Two clergymen were keen to enhance ecumenical fellowship. One, a Catholic priest, and a second, a Anglican Vicar, decided to ask another clergyman to join them on their fishing trip to a favourite lake. So they asked a friendly Baptist pastor to join them. On the appointed morning they went to the lake, fishing gear, bait, and food in hand, the row boat ready. They put off from the dock and rowed to a secluded inlet. They began to fish and the fellowship was wonderful, but toward mid-morning the Anglican Vicar experienced nature’s call… he stepped out of the boat and made his way on the water to the shore, and a few minutes later returned – again walking on the water.
The Baptist pastor’s eyes bulged in wonder and disbelief. A little later, the Catholic priest said, “You know, it is so calm, I think I’ll go for a walk on the beach,” so he jumped out of the boat, walked on the water, walked on the beach, and then walked on the water back to the boat. By this time the Baptist pastor was feeling greatly challenged, and in spite of the desire to enhance unity among the churches, he knew he had to meet what he saw as the challenge of his colleagues. After all, if a Catholic and an Anglican could walk on water, surely a Baptist could!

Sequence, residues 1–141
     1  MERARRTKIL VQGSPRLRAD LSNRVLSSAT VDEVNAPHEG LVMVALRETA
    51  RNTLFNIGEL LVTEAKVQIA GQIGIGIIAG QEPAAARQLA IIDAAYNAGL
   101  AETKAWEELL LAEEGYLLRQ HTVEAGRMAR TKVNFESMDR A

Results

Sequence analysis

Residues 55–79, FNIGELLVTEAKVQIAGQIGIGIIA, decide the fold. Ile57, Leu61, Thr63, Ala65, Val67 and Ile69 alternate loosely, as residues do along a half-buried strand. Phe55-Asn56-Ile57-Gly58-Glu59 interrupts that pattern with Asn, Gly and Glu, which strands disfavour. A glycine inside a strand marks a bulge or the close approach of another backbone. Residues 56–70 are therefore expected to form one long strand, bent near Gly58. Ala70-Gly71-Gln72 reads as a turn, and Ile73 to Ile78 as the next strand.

Gathering his courage, the Baptist pastor stood up, stepped out of the boat and said, “You guys think you are so great, watch this,” whereupon he catapulted over the side, only to go straight to the bottom. He came up and said something “I bet nobody gets it right on the first try!” He dragged himself across to the other side of the boat, jumped overboard, and again went straight to the bottom of the lake.
This time as the Baptist minister pulled himself back into the boat coughing and gagging… the Anglican turned to the Catholic priest and said: “I suppose we really should have told him where the stumps are!”